At the Beit Medrash of Chofetz Chayim Yeshiva in Forest Hills, it was
customary to ask for "Alice Goot" as the confirming statement to ones
parents that All Was Well.

Yisrael Medad (Winkelman), 
Yeshiva Preparatory High School [Chofetz Chayim] 1960-64


From: Gitelle Rapoport <giteller@...>
Date: Mon, 17 Jan 2000 14:04:25 -0800 (PST)
Subject: Counting Women for a Minyan

Re Jay Shachter's post on counting women in a minyan: While the general
concept of minyan may be Scriptural, the precise definition of a minyan
for public prayer is rabbinic (the Scriptural basis of the ten spies may
be considered an asmachta, or biblical "support," for the law as
established by the rabbis). A fascinating discussion of counting women
for a minyan for various purposes can be found in Aryeh Frimer's article
"Women and Minyan" in the Summer 1988 issue of Tradition, pp.  54-77.

G. Rapoport

[The above mentioned article, as well as a longer 1998 article from
Aryeh will be up on our web site by the weekend. Expect to see an
Administrivia announcing it. Thanks to Aryeh for sending me the articles
and permission to post them. Mod]


From: Janet Rosenbaum <jerosenb@...>
Date: Sun, 16 Jan 2000 19:30:22 -0500 (EST)
Subject: Re: Eating in a Supermarket

Josh Backon <BACKON@...> writes:
> I suggest that simply picking up the item in the supermarket is *not* a
> kinyan. Only paying for the item at the supermarket checkout counter
> would be the acceptable kinyan "situmta" since only this method is the
> law of the land and binding.

If someone takes something out of another person's cart and buys it,
have they done anything wrong?



From: Alexis Rosoff <alexis@...>
Date: Sun, 16 Jan 2000 19:48:18 -0500
Subject: Feminism/Politicisation

|> not recite Birkat Hagomel at all nowadays.  Even though the codes of law
|> clearly state that women are not only permitted, but also obliged, to
|> recite this benediction, such people would argue that in modern society
|> such a public act on the part of a woman would be taken as a political
|> statement and would strengthen the feminist movement, an undesirable
|> consequence 

Hmmm. Although I don't worship in an Orthodox shul (which is another
story...) this story, and the atttude it reveals, is troubling. Although
I am a feminist, I don't think equal means identical and I think the
progressive movements have often emphasised surface equality over true
equality. To give an example, the fuss over giving women smicha is
primarily a symbolic one. It would be much more meaningful if time and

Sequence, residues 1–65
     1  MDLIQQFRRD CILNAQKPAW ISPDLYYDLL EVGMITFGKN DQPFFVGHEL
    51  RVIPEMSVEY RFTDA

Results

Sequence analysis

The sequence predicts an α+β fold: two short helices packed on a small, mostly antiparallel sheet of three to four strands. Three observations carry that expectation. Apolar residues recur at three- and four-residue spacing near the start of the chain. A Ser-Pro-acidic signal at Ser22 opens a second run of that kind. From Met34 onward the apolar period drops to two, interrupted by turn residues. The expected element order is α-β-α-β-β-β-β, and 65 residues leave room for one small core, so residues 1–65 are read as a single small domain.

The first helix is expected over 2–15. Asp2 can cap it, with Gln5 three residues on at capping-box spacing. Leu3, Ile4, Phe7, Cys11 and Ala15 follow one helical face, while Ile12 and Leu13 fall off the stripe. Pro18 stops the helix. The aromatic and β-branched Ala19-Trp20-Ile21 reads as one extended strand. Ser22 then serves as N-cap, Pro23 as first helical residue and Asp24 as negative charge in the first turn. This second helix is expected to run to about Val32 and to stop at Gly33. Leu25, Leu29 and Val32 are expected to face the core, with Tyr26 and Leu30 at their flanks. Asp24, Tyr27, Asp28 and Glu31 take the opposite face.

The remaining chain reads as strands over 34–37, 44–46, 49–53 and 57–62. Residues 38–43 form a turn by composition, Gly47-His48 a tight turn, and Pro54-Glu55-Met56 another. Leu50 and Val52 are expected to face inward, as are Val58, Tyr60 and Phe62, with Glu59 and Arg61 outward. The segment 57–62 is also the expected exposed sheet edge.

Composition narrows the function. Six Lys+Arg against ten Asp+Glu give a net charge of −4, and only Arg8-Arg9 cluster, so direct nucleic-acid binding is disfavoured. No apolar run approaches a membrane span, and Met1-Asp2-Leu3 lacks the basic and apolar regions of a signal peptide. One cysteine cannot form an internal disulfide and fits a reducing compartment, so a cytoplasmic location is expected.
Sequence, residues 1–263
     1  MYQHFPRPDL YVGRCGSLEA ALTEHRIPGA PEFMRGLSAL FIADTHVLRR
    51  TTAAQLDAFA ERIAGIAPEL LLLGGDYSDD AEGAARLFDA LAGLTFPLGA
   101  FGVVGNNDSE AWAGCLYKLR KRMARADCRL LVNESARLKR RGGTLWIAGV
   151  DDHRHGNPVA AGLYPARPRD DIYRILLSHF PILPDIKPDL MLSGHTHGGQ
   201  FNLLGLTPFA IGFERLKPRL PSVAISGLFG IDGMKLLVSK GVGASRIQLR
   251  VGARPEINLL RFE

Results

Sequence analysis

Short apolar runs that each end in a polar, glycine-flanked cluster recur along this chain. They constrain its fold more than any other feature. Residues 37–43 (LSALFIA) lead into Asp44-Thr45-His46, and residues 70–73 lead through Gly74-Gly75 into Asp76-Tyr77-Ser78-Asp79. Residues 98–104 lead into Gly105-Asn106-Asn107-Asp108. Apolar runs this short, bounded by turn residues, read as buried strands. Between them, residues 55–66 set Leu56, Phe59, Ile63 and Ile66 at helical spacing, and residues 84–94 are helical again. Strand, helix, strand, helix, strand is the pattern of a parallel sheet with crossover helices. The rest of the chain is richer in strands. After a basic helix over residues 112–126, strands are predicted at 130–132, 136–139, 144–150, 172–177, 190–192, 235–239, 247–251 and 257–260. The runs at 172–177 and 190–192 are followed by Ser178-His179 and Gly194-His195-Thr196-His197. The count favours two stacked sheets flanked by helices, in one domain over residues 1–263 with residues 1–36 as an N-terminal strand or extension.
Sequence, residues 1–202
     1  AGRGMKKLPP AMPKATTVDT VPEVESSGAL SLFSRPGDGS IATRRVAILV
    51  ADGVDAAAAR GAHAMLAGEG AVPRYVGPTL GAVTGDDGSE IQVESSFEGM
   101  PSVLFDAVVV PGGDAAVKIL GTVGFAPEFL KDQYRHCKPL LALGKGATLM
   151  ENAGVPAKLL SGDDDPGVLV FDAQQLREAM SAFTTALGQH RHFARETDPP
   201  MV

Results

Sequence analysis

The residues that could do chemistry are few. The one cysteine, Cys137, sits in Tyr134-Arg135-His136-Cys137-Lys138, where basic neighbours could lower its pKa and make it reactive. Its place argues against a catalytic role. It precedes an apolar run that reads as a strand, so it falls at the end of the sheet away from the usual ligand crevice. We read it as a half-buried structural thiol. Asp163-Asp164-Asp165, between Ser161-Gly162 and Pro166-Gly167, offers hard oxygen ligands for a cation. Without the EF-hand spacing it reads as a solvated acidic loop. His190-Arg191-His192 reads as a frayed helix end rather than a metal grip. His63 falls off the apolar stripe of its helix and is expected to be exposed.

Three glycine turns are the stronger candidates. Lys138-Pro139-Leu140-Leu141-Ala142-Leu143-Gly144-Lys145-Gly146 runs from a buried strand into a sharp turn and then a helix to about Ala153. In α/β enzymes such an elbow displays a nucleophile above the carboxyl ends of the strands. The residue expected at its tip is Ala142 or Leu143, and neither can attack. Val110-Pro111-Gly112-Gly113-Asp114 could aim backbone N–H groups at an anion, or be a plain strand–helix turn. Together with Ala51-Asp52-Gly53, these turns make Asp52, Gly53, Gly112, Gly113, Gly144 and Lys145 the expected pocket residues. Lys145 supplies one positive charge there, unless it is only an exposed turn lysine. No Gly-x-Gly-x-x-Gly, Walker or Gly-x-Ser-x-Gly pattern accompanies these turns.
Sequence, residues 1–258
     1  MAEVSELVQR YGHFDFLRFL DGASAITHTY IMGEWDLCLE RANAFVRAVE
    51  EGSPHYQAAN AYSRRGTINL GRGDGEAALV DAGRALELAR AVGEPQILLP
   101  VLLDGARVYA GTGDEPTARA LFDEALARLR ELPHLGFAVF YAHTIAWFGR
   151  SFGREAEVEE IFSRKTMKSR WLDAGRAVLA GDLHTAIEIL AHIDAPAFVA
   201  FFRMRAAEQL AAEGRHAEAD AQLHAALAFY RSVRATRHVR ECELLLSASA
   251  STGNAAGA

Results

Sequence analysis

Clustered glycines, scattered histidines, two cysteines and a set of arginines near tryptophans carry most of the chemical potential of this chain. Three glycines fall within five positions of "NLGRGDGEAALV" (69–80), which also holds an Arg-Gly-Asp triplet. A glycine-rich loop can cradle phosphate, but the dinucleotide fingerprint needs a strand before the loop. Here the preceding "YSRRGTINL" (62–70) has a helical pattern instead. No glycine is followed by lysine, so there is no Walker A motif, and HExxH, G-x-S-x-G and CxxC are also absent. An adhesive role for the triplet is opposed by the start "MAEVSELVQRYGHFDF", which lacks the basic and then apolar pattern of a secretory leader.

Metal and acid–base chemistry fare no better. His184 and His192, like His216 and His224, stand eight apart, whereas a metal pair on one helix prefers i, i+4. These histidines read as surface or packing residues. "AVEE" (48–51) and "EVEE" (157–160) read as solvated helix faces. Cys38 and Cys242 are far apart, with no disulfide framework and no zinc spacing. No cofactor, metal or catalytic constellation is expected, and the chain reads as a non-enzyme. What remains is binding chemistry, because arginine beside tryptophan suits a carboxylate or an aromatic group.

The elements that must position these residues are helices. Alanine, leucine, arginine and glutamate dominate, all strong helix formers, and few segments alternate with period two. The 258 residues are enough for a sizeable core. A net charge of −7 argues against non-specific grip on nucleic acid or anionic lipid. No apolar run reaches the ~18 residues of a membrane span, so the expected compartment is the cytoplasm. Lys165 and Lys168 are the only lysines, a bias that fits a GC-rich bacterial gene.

energy had been spent on expanding Torah study for women. A few hundred
women acting as congregational leaders is, to me, far less influential
than a well-educated laity. Z

 Alexis Rosoff ---=--- http://www.mono.org/~alexis ---=--- Long Island, NY


From: Russell Hendel <rhendel@...>
Date: Sun, 16 Jan 2000 18:15:48 -0500 (EST)
Subject: Freedom to Profession and Marriage

I was shocked (but not surprised) by Rivkah Tuttle's remarks in v30n91
concerning pressures of Bais Yaakov education to mold students in only
certain professions and certain dating patterns. Several non-halachik
points should be made

* Rav Hirsch severely criticizes the Patriarch Yitzchak for trying to
make both Esauv and Yaakov into Kollelnicks. Esauv was an outdoorsman.
He loved to hunt and camp. Yitzchak alienated him by not allowing Esauv
to hunt and camp in a torhadich manner.

By contrast the Patriarch Jacob, clearly blesses EACH of his children
with that profession that they are good at (Gen 49). The famous
partnership of the Learners of Yissachar and the sea-farers of Zevulun
is but one example

* Num 36 is an ENTIRE Biblical chapter devoted to the statement that
women aren't pawns in an economic game. We are told that even when they
have restrictions they "should marry someone who is good in there eyes"

The message is clear---we should be free to date whom we want and marry
whom we want. Rivkah herself pointed out that I am not asking for a
radical change....introducing some COPE type computer programs in Bais
Yaakov would INCREASE the amount of learning these devoted young ladies
could enable their husbands with.

Finally Rivkah spoke about the hypocrosy and alienation. I would be very
interested in statisitics on how many people we are losing (to either
frumkeit or Judaism) because of these Bais Yaakov Policies.

I really think a topic like this ("Advice of Bais Yaakov teachers on
marriage and work) is the type of thread that should occupy mail jewish
for 10-30 issues.

Russell Hendel; Phd ASA; Math Towson Univ;
Moderator Rashi is Simple


From: A.J.Gilboa <bfgilboa@...>